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How to Protect Yourself from Elder Fraud

It is not uncommon for people to offer to assist older family members with their finances or guide them through the process of estate planning. Unfortunately, however, not all people who become involved in older individuals’ affairs have good intentions, and many elderly people fall victim to elder fraud. As such, it is important for aging individuals to know what measures they can take to protect themselves. If you have concerns that you are being taken advantage of financially or need assistance with another estate planning issue, it is prudent to speak to a trusted estate planning lawyer about your rights. 

How to Protect Yourself from Elder Fraud 

While many seniors are concerned about being taken advantage of financially, there are multiple tactics people can employ to avoid elder fraud. First, it is important for people to understand the factors that place them at risk for elder fraud, like advanced age, health issues, and cognitive decline. Many people fall prey to elder fraud simply because they are lonely or isolated; as such, regularly interacting with a variety of family and friends can offer protection to older people.  

It is also critical that people understand their rights and stand their ground when faced with pressure to make decisions they are not comfortable with. For example, people often try to persuade older individuals to transfer property rights. While there are a variety of reasons a person may choose to grant someone else the deed to their home, they should not be forced to make that decision and should speak to an estate planning attorney and financial advisor prior to signing any documents. Similarly, people often try to coerce older family members into opening joint bank accounts; while there may be benefits to doing so, it is not a decision that should be made without careful consideration of the person’s motives and an assessment of other options for providing financial protection.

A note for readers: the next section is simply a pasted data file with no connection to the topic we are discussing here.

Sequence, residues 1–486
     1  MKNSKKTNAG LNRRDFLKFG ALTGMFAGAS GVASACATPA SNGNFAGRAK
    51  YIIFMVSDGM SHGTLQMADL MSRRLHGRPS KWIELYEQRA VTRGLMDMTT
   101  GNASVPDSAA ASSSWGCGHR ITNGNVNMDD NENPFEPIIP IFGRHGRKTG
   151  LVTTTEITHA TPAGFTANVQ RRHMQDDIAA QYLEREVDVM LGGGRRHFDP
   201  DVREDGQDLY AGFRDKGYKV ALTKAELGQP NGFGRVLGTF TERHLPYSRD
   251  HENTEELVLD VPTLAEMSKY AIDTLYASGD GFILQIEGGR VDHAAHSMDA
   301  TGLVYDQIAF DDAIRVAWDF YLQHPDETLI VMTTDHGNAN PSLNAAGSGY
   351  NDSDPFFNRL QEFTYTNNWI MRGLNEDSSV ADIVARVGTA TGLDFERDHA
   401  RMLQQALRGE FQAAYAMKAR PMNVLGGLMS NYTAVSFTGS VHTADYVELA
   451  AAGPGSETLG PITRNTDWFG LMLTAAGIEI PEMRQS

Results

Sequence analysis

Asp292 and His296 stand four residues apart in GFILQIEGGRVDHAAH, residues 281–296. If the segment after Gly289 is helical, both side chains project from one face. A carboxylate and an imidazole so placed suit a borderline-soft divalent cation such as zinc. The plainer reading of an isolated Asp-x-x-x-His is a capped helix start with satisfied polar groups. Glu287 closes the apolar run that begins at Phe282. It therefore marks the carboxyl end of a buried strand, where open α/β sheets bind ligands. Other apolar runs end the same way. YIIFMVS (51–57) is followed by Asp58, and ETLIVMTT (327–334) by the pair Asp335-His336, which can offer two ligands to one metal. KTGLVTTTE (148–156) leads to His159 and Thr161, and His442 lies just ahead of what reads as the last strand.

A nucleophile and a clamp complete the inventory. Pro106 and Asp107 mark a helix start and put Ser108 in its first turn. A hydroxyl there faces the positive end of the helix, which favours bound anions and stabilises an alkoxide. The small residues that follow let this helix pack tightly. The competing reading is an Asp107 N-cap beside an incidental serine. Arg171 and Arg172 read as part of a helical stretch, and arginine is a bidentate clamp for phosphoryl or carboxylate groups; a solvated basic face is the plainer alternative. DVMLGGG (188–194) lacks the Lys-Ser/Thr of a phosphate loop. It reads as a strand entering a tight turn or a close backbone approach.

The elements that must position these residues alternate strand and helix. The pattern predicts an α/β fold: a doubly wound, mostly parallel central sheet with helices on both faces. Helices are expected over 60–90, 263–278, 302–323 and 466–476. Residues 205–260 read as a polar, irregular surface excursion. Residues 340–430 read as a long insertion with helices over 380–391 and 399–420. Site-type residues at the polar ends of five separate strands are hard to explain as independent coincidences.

People can also guard themselves against elder fraud by involving trusted and impartial professionals in their financial affairs. People who work in the estate planning or financial industry may be better suited to identify fraudulent schemes or activities and as their oversight may help to avoid financial abuse. 

Many estate planning tools can also help avoid the consequences of unsavory conduct. For example, placing property in a revocable trust and naming a corporate entity as trustee, or granting another individual power of attorney are safeguards that can help prevent older individuals from being exploited. There are numerous regulations corporate trustees must adhere to, making the likelihood of elder fraud low. Similarly, granting someone power of attorney over financial affairs can provide protection from elder abuse in the event a person becomes incapacitated. 

Meet with an Experienced  Estate Planning Attorney 

Elder fraud can cause lasting financial and emotional harm, and it is critical for people to understand how they can protect themselves from deceptive tactics. If you need help protecting your assets or developing an estate plan, please contact our office today to schedule a consultation. 

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